House scheduled to debate 'school choice' vouchers
Under HB 1263, the "school choice" measure would start as a pilot program in the state's five largest counties, including Travis, and extend to all districts statewide beginning in 2010. School boards would need to vote on whether to open their districts to the program, which could, from here on out, spark a rush of pro-voucher candidates clamoring for open board seats (à la Round Rock) and hard-right millionaires, such as San Antonio's James Leininger, spreading their campaign contributions across a wider swath of Texas.
The House is scheduled to debate the measure today (Thursday). Last week, the House Public Education Committee approved it 6-3 on a party line vote. It was the leading favorite of three private school voucher measures filed this session. The bill's sponsor, Rep. Linda Harper-Brown, R-Irving, crafted the proposal's pilot specifically for disadvantaged students in urban communities in eight school districts. Kids who have either dropped out of school, are at risk of dropping out, are not English-proficient, have special education needs, or have been victims of violence would be eligible for the vouchers.
Opponents, however, argue that the cost of providing vouchers to pay for private tuition will ultimately bankrupt the state's public schools system, siphoning more than $600 million from local schools in the first two years alone. They also challenge a legislative analysis that estimates an actual gain for the General Fund of more than $2 million during the first two years of the voucher program. Proponents say the program would actually save the state money because students would receive voucher certificates for 90% of the average state cost per pupil. But with funding based on head count, opponents argue that every dollar spent on subsidizing private school tuitions is one less dollar spent on the affected schools.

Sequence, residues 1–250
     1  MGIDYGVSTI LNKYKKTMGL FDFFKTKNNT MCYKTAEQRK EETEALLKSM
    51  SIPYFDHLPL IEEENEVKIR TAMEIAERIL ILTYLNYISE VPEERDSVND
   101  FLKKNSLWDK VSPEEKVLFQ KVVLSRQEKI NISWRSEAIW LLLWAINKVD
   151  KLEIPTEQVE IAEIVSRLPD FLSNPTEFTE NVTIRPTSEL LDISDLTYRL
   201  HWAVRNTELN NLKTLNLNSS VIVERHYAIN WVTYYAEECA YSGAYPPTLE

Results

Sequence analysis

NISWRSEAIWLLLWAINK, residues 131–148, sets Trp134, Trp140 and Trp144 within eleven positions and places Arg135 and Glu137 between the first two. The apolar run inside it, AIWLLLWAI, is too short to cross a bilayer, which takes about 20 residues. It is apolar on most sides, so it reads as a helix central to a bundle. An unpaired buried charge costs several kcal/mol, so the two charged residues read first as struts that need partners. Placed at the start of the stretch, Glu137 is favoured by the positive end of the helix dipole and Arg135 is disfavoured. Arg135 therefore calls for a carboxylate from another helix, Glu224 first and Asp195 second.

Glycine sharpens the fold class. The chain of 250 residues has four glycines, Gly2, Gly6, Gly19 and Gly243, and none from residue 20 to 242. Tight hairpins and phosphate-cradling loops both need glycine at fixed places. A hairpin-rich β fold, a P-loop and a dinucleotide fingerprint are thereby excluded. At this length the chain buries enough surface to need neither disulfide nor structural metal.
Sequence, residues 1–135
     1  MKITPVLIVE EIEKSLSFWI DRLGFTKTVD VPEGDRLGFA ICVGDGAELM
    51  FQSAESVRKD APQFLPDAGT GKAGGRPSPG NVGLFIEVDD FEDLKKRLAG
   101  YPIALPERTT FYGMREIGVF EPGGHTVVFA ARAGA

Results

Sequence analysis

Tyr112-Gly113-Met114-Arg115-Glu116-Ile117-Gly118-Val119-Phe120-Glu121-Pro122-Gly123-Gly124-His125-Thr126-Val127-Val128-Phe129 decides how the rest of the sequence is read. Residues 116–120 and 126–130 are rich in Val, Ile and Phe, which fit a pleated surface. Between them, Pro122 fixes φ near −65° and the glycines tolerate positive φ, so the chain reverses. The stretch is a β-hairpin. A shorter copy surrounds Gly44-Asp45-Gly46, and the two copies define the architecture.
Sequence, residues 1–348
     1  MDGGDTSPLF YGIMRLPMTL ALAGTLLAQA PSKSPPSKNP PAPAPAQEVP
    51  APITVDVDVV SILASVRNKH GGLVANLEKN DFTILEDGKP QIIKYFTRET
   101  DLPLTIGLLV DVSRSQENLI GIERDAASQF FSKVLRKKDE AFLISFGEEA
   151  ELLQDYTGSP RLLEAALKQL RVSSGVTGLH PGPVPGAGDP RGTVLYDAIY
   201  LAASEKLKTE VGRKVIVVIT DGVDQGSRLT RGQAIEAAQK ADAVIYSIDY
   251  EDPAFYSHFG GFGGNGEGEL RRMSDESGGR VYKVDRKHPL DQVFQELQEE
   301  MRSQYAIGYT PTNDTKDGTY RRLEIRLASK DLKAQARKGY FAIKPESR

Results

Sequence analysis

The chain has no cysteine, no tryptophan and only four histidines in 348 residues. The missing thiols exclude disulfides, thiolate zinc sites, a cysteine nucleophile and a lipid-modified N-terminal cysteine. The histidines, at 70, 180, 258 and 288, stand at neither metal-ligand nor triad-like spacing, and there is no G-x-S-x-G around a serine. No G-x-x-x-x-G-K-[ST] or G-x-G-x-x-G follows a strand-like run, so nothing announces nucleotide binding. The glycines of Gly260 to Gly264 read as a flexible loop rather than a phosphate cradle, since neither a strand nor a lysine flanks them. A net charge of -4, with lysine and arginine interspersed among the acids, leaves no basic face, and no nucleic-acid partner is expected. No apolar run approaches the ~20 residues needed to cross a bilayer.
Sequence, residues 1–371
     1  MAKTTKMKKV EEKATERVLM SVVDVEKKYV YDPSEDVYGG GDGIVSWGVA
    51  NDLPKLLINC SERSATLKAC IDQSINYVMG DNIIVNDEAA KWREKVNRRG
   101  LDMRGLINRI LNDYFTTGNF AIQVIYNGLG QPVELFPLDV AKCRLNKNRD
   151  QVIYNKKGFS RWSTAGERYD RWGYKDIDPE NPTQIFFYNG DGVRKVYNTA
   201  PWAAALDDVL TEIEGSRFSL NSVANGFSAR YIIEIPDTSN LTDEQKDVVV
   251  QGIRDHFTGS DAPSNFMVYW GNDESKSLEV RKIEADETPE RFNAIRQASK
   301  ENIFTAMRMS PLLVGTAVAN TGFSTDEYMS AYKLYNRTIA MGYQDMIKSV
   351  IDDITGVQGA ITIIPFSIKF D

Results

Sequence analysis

Kathy Miller, president of the Texas Freedom Network, was quick to attack the bill. "When lawmakers can't even agree on where to find enough money to pay for public education right now, recommending a bill that could drain more than $600 million from neighborhood public schools over the next two years is incredibly irresponsible," Miller said. "Voting for vouchers is simply a payback to wealthy campaign donors who want tax dollars to subsidize private schools."